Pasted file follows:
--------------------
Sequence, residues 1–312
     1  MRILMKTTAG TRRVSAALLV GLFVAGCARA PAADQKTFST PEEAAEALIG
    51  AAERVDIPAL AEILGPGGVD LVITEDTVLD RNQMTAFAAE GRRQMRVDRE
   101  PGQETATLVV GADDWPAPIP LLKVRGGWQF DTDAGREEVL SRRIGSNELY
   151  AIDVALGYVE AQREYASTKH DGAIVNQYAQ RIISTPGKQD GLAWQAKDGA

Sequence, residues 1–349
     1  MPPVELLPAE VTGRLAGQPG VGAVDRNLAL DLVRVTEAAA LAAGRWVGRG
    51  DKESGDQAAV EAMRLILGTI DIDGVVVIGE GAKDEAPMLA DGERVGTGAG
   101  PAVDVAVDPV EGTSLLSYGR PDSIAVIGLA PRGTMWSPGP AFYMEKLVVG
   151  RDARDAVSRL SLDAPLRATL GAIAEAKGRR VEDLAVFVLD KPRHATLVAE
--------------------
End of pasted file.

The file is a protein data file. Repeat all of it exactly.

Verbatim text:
Sequence, residues 1–312
     1  MRILMKTTAG TRRVSAALLV GLFVAGCARA PAADQKTFST PEEAAEALIG
    51  AAERVDIPAL AEILGPGGVD LVITEDTVLD RNQMTAFAAE GRRQMRVDRE
   101  PGQETATLVV GADDWPAPIP LLKVRGGWQF DTDAGREEVL SRRIGSNELY
   151  AIDVALGYVE AQREYASTKH DGAIVNQYAQ RIISTPGKQD GLAWQAKDGA

Sequence, residues 1–349
     1  MPPVELLPAE VTGRLAGQPG VGAVDRNLAL DLVRVTEAAA LAAGRWVGRG
    51  DKESGDQAAV EAMRLILGTI DIDGVVVIGE GAKDEAPMLA DGERVGTGAG
   101  PAVDVAVDPV EGTSLLSYGR PDSIAVIGLA PRGTMWSPGP AFYMEKLVVG
   151  RDARDAVSRL SLDAPLRATL GAIAEAKGRR VEDLAVFVLD KPRHATLVAE